You can get your hop-on hop-of bus pass here.
When the sun sets, you will be significantly better off using Uber. It’s much cheaper than taxis, it’s safe, the drivers are nice, friendly and always up for a chat, and it goes right to your door. It’s also the best way to get to and from the airport.
Get travel insurance
I always recommend getting a good insurance for all your trip, and you will definitely want one when visiting Cape Town. It’s really is the kind of thing you want to buy hoping you never have to use it – but alas, a must.
Make sure to read my post Why You Need A Good Travel Insurance. You can find a good one here.
Get a local Sim Card
This is one of the most important things you need to do as soon as you get to Cape Town. A local SIM card will help you on many occasions. First of all, WiFi is less than reliable in South Africa, with some places not having it altogether and others demanding users pay a fee for even the shortest usage.
The best and actually cheapest way around it is to get a local SIM card. You will need it to call an Uber when you have no wifi; to use Google Maps to find your way around town, whenever you are driving a car that has no GPS system.
There’s a Vodacom shop right outside the arrivals hall at Cape Town airport and getting a SIM card with data is a 10-minute process. I used Vodacom on all my trips to South Africa and the network always worked well.
Alternatively, you can opt for an MTN card, which is cheaper and allegedly works better than Vodacom. MTN has some great offers too – especially MTN-to-MTN minutes which means it’s cheaper for you to call people on the same network. And you can get weekly rather than monthly data packages, which may turn out to be cheaper if you are staying in the country for a short time.
Be prepared for load shedding
Ah, this is an interesting thing to know before you travel to Cape Town!
Load shedding refers to the regular power cuts that scheduled around South Africa, including Cape Town. Each time it means not having power for up to 2.5 hours, and at times even multiple times a day. It happens occasionally – I actually never noticed it during my trips to South Africa, but my friend Nelson who lives in the Cape Town area told me about it, and it’s definitely something to be aware of.
Don’t hike alone
My post Why Hiking Alone Is A Bad Idea always attracts lots of criticism, but I stand by my argument and in fact must stress that hiking alone in definitely something you must avoid in Cape Town, even if you are used to it, and even if you think you have super powers.
You simply don’t want to be on the trails alone, in case there is a sudden weather change with sudden fog or rain (and trust me, this can happen in the Cape Town area), or even worse in case you get attacked (and again, this is something that unfortunately occurs).
If you are traveling solo but are still keen on hiking, you can simply join one of the many guided hikes that regularly go to Table Mountain or Lion’s Head.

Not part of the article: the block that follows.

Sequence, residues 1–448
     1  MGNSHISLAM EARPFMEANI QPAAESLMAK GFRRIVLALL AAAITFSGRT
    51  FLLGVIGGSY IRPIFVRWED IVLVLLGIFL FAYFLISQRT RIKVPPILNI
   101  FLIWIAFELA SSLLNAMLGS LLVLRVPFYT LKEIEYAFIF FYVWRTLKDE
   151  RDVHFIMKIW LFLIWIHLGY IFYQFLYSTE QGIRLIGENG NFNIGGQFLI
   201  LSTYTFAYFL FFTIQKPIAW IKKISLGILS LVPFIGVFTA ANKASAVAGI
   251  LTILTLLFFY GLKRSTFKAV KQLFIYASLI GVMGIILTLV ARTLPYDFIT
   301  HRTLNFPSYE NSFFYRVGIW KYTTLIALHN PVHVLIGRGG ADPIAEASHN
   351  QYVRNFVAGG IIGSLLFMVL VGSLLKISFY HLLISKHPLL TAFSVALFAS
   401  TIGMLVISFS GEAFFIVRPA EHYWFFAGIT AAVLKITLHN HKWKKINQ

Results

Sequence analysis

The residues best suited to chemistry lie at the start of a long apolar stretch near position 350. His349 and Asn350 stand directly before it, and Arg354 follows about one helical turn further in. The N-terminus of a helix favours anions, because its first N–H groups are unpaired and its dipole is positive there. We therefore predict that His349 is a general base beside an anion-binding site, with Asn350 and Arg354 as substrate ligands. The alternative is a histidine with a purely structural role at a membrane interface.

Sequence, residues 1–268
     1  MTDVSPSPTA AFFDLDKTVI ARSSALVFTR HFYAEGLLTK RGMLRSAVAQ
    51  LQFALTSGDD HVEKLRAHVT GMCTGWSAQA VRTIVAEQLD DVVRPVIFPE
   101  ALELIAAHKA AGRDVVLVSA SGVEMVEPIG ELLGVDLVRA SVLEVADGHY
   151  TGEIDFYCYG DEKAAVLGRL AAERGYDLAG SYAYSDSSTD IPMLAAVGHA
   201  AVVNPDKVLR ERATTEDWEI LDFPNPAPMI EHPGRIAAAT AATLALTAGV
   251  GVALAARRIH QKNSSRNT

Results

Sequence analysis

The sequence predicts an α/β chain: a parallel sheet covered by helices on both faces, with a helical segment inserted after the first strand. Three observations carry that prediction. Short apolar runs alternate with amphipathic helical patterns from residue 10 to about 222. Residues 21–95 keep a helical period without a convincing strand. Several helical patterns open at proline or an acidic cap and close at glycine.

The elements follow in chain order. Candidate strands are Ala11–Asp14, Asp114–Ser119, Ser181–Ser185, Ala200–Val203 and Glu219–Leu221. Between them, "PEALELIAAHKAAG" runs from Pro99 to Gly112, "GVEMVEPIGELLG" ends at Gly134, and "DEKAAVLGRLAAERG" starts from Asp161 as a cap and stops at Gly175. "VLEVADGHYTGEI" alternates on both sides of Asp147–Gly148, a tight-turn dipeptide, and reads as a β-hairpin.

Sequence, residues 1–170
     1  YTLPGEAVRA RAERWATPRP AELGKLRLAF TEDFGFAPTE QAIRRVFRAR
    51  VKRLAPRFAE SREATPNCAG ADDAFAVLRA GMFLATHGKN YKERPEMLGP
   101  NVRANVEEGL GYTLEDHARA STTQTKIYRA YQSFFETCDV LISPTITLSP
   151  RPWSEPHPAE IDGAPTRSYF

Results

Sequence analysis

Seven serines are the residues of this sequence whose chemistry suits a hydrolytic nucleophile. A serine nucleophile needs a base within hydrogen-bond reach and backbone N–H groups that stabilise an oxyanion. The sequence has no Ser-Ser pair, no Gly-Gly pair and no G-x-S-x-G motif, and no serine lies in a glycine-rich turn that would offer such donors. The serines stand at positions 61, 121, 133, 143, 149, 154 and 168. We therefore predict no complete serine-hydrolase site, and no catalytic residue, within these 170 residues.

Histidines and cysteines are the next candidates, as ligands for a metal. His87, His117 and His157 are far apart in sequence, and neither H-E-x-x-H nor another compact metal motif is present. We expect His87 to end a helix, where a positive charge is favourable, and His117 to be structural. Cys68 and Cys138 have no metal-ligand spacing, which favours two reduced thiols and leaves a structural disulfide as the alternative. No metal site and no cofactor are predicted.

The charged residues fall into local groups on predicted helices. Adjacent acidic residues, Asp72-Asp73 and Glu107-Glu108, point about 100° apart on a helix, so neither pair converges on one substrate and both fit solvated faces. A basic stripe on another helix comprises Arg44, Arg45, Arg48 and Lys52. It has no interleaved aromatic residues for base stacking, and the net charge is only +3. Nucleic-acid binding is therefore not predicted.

For more information on guided hikes to Table Mountain, click here.
For a sunrise hike to Lion’s Head, click here. If you prefer going for sunset, click here.
Make sure to also read my posts How To Hike Lion’s Head and A Guide To Hiking Table Mountain.
Where to stay in Cape Town
There are plenty of great places to stay in Cape Town. If you are traveling solo, I recommend staying at a social hostel such as the Backpack. Alternatively, you will find plenty of good hotels and Airbnbs around town.
During my visits I have normally stayed in the CBD – which is pretty much downtown. I also also stayed in Sea Point. Other good areas of town are De Waterkant and Green Point (probably the best areas to stay for tourists in terms of safety and access to attractions), the Gardens and Camps Bay.
Here’s a selection of the best places to stay in Cape Town:
- The Backpack – a fabulous boutique hostel in the heart of the city.
- Cape Heritage Hotel – a boutique hotel in the heart of the city.
- Loader B – a beautiful villa for those that prefer self-catering.
- Taj Cape Town – walking distance from all the main attractions.
- The Capital Mirage Hotel – right by De Waterkant.
For more information on Cape Town neighborhoods and hotels, make sure to read my posts Where To Stay In Cape Town: A First Timers’ Guide and The Best Airbnbs In Cape Town.
Join a guided tour
One of my best tips for visiting Cape Town if you have a limited amount of time in the city (ie not five full days as I have recommended at the beginning of this post) is to join a guided tour. There are many that explore various areas of the city, taking you to places such as Bo Kaap, Table Mountains, Woodstock and more.
The area of Bo Kaap is definitely best explored on a guided tour. You can book it here or here.
For a guided tour of Cape Town that also goes to Table Mountain, click here.
To book your street art tour of Woodstock, click here.
For a hop-on hop-off bus tour of Cape Town, click here.
For information on guided tours of Cape Point Peninsula, click here or here.